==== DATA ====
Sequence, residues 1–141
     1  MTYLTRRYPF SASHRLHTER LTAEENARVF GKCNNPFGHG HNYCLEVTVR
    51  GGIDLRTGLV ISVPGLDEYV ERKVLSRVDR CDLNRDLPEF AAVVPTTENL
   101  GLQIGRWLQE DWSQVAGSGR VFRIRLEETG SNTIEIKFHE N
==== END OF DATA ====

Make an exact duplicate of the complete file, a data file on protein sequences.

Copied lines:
Sequence, residues 1–141
     1  MTYLTRRYPF SASHRLHTER LTAEENARVF GKCNNPFGHG HNYCLEVTVR
    51  GGIDLRTGLV ISVPGLDEYV ERKVLSRVDR CDLNRDLPEF AAVVPTTENL
   101  GLQIGRWLQE DWSQVAGSGR VFRIRLEETG SNTIEIKFHE N